operation instructs the server to set the "current" filehandle to the
   ROOT of the server's file tree.  Once this PUTROOTFH operation is
   used, the client can then traverse the entirety of the server's file
   tree with the LOOKUP operation.  A complete discussion of the server
   namespace is in Section 7.

4.1.2.  Public Filehandle

   The second special filehandle is the PUBLIC filehandle.  Unlike the
   ROOT filehandle, the PUBLIC filehandle may be bound or represent an
   arbitrary file system object at the server.  The server is
   responsible for this binding.  It may be that the PUBLIC filehandle
   and the ROOT filehandle refer to the same file system object.
   However, it is up to the administrative software at the server and
   the policies of the server administrator to define the binding of the
   PUBLIC filehandle and server file system object.  The client may not
   make any assumptions about this binding.  The client uses the PUBLIC
   filehandle via the PUTPUBFH operation.

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4.2.  Filehandle Types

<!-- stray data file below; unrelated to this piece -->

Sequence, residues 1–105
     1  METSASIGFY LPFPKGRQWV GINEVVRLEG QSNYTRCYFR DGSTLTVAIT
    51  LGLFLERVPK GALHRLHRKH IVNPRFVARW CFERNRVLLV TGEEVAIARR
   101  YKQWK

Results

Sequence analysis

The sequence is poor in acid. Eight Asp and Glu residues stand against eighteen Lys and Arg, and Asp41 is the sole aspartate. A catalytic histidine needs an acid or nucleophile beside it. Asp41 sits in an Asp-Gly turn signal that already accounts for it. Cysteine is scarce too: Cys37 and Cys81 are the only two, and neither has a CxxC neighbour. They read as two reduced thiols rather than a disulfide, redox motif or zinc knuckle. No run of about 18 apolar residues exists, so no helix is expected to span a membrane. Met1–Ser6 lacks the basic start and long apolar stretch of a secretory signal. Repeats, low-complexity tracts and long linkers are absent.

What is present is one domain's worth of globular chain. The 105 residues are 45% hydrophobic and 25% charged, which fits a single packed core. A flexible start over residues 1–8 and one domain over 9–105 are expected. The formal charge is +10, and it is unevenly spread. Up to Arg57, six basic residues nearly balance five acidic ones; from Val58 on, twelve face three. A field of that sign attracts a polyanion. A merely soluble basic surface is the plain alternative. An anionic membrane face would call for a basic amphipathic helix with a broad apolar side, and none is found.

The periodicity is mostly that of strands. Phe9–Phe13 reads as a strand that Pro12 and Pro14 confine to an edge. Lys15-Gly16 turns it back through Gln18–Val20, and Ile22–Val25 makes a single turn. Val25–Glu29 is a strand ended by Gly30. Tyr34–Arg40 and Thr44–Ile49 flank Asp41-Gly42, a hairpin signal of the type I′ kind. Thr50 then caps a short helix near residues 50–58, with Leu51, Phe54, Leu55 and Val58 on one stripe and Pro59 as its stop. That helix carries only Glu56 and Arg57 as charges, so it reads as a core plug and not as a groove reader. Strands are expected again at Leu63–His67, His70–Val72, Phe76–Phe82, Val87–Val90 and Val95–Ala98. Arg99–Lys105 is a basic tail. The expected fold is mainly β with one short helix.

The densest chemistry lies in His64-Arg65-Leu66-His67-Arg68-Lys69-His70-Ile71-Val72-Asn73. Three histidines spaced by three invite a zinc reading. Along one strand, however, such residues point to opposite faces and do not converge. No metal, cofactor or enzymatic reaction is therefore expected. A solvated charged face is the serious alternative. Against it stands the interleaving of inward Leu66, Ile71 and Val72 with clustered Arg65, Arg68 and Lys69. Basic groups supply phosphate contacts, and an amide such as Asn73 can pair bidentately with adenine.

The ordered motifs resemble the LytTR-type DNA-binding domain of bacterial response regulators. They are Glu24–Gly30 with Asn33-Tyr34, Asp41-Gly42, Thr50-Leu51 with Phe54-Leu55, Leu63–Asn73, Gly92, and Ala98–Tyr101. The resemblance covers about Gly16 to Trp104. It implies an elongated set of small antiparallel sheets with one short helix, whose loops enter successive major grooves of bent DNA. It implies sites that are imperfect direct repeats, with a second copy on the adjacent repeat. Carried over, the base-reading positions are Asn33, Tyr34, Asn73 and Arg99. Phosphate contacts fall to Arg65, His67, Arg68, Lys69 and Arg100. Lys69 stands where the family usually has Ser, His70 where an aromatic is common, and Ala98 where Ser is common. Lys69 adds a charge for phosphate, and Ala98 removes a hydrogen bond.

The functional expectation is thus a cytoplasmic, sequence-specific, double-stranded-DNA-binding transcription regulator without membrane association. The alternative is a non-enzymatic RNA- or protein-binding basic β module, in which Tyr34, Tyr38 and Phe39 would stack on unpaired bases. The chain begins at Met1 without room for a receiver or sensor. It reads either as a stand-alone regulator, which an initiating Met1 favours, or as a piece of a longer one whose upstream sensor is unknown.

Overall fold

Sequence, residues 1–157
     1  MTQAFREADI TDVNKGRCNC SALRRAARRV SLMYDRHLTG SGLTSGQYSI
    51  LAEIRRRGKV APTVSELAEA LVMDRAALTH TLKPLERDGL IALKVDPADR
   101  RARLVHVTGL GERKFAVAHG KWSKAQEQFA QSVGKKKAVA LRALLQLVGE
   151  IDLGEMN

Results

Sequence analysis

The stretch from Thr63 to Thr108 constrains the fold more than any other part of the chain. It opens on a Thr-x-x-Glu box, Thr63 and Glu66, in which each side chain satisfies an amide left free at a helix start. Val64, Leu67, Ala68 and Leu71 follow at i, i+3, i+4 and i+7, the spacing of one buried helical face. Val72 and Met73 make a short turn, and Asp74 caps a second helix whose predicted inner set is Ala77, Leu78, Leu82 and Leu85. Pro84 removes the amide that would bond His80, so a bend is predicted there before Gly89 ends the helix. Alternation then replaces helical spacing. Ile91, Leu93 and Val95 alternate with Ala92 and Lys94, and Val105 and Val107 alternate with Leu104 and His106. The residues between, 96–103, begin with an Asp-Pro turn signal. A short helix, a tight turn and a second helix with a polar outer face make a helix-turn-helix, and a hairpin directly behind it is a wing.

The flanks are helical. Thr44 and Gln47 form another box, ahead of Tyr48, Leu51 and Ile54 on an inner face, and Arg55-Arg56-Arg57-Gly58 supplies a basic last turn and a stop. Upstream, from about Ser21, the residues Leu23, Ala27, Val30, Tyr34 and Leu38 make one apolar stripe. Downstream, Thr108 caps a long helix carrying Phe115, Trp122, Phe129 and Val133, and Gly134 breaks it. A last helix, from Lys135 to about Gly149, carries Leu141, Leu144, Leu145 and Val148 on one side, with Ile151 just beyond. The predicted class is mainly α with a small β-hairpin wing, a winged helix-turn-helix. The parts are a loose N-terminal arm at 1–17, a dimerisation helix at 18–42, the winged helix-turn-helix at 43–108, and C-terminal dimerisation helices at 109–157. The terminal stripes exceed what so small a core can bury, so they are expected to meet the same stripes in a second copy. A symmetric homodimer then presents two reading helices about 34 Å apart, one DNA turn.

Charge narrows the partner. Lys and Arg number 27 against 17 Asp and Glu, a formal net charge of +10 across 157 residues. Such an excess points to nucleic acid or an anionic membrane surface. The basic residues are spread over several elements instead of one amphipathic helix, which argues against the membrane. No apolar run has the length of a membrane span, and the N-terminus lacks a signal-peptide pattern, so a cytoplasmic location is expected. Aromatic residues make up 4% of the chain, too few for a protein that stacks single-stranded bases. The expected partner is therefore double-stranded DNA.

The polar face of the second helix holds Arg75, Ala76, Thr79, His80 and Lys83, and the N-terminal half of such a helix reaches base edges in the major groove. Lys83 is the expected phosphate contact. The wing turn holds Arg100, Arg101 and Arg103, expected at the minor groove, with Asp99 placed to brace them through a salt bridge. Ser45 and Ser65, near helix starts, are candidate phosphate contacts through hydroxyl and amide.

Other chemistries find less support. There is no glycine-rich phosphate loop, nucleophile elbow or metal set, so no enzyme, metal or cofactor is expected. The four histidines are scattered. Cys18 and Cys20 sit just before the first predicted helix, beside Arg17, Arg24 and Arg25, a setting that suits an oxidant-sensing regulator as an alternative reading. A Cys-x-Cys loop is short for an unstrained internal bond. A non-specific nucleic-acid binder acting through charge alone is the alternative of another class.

In the NFSv3 protocol, there was one type of filehandle with a single
   set of semantics.  This type of filehandle is termed "persistent" in
   NFSv4.1.  The semantics of a persistent filehandle remain the same as
   before.  A new type of filehandle introduced in NFSv4.1 is the
   "volatile" filehandle, which attempts to accommodate certain server
   environments.

   The volatile filehandle type was introduced to address server
   functionality or implementation issues that make correct
   implementation of a persistent filehandle infeasible.  Some server
   environments do not provide a file-system-level invariant that can be
   used to construct a persistent filehandle.  The underlying server
   file system may not provide the invariant or the server's file system
   programming interfaces may not provide access to the needed
   invariant.  Volatile filehandles may ease the implementation of